This is a time for community, and it is important to look for ways to reach out to community members that might not be your wealth targets. By including established consumers in your market, you can move forward with our message of “all-for-one” and build affinity to your goals. Now is the time to engage with community stakeholders that will donate in smaller amounts. It’s important to accept all that you can get right now and having 1,000 people donate $50 is still a great success. Your community wants to help so continuing engagement is important not more than ever.

Below are some interactive ideas that we think can be successful in keeping your current and prospective donors engaged during this time.

  1. Change up your campaigns to help others within the community. Healthcare foundations have mobilized quickly in setting up COVID-19 campaign pages for people to donate online. While this is important and we recommend keeping these pages up, you should think about different campaigns you can run to further support this effort in different ways. Getting PPE for those on the front lines is of mass importance but there are other ways where you can help your health system and other struggling businesses in your community. For example, you could send out an email asking for donations to help provide daily meals for the health system staff on the front line. In turn, you will be helping local restaurants who are experiencing extreme revenue losses. By providing a variety of campaign ideas that people can donate to, you might appeal to others who could have ignored your previous outreach efforts just asking for money.
  2. Make your donors and prospects feel exclusive. Ongoing engagement is really important right now because eventually we will get out of this. Send “insider” information to all your current donors about how your health system is responding to COVID-19. Share personal stories from doctors and nurses on the front line. Try to share positive news from volunteers and offer ways to help beyond just donating money. It’s important to be consistent so set a schedule of when these emails and/or direct mail will go out. Once a new donor contributes, enroll them in this exclusive “insider” campaign to keep them informed. When this is all over, donors will remember who reached out to them and will likely grow their affinity to your foundation.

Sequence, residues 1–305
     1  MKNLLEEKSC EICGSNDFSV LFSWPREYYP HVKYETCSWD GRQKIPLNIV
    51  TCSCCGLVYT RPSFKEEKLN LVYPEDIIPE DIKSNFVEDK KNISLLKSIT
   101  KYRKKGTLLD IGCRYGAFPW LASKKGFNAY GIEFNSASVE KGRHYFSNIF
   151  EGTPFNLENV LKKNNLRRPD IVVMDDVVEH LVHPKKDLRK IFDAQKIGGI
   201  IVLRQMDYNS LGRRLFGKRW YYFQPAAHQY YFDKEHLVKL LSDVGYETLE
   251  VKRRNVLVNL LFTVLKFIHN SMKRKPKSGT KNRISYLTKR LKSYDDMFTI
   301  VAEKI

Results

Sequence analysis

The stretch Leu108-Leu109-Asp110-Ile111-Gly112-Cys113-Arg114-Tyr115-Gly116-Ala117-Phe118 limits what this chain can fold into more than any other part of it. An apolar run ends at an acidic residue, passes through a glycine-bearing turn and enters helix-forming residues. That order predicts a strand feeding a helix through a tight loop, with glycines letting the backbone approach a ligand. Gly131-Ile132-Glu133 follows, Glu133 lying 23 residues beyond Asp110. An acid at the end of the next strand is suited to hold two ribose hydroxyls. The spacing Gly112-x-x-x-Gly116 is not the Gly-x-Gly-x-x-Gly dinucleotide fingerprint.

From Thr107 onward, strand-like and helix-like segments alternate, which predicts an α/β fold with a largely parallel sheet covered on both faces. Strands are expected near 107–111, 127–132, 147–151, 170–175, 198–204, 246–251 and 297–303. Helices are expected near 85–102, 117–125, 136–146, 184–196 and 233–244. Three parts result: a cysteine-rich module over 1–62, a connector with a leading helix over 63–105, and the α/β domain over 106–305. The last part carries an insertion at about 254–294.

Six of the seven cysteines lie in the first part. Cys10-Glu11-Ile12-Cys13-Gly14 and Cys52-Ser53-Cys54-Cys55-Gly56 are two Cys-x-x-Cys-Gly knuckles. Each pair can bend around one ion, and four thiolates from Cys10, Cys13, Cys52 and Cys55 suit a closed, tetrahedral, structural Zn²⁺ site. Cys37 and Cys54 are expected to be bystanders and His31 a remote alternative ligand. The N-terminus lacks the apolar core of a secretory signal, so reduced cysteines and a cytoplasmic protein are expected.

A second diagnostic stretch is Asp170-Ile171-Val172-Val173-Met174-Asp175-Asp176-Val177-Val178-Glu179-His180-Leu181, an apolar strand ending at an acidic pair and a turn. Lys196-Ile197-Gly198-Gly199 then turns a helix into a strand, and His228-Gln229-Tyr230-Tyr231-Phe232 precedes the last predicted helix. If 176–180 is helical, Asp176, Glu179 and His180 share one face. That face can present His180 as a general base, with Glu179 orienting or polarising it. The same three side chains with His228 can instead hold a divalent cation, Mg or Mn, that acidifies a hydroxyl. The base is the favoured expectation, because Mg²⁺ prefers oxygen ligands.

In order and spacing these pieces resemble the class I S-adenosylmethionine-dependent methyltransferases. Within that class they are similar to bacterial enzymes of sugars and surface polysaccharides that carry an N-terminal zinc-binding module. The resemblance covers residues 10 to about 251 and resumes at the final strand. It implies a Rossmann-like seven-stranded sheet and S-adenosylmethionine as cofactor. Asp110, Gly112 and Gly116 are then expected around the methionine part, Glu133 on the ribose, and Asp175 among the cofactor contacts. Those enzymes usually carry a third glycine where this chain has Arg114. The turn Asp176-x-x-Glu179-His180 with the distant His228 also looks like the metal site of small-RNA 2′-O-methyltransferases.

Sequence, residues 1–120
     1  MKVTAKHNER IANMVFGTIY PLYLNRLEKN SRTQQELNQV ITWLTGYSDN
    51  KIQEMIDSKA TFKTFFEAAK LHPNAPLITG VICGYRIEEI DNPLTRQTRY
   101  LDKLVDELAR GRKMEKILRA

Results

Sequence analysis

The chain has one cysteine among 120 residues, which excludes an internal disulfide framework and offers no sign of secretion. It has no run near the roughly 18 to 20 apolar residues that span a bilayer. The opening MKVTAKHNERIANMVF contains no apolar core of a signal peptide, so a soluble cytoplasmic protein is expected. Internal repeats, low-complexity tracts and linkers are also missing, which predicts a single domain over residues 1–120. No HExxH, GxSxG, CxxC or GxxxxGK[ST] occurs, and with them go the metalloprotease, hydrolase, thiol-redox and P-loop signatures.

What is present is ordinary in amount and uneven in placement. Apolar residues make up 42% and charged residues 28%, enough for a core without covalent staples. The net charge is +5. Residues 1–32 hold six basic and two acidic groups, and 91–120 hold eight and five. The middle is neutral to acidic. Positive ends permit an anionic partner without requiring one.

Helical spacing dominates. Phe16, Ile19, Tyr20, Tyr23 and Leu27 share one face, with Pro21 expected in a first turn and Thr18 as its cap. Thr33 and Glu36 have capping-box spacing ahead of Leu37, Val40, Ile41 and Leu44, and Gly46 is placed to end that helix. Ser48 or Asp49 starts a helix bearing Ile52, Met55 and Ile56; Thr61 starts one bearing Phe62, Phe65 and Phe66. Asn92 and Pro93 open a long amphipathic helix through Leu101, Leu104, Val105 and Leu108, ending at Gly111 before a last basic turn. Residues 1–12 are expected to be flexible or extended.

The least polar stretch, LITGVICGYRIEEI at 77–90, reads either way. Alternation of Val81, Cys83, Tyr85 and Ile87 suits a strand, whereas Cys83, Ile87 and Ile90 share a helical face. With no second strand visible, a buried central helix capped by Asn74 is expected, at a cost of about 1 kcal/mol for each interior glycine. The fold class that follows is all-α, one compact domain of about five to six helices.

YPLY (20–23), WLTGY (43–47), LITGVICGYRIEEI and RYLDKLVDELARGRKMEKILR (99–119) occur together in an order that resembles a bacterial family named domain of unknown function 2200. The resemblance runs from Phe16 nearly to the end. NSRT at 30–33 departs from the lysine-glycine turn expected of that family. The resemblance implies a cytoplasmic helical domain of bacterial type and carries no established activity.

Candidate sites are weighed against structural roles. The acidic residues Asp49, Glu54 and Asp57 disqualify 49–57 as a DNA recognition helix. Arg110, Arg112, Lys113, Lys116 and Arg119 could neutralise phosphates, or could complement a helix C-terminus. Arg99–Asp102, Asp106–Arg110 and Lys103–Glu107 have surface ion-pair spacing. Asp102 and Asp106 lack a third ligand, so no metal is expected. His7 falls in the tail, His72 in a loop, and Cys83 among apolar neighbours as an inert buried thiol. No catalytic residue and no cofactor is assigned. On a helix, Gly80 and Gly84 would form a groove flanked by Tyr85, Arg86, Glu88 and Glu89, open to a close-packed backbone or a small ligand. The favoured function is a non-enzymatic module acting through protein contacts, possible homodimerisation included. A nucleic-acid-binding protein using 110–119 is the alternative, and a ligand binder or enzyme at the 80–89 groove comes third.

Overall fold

3. Hold an online auction. Since every golf tournament, gala, etc., that was to be held in the next couple months have been canceled, consider doing an auction online. You can hold a silent auction for a week where people can log in and bid on items. Then, you can do a virtual live auction for bigger ticket items. This will give your donors an interactive activity to do while they are staying home. Don’t have auction items? There are some amazing travel packages right now since like most industries right now, the travel industry is struggling and slashing prices to increase post-COVID-19 demand.
  4. Have a competition with your staff for ideas. Since everyone is staying home, it would be fun to inject healthy competition amongst your foundation staff to come up with different ideas to improve donations. Having a weekly brainstorm and offering a small prize to the staff member who thought of something outside the box could really generate a lot of good will and rapport within your team.

Every company is scrambling to adapt to this new reality, but people within your community do want to help. By continuing with thoughtful engagement to your donors and prospective donors about various campaigns and efforts where they can help, they will keep you top of mind once we all get through this. To learn more about additional fundraising ideas during this crisis, check out our blogs on a short-term action plan for COVID-19 and ways to enhance donation efforts during this pandemic.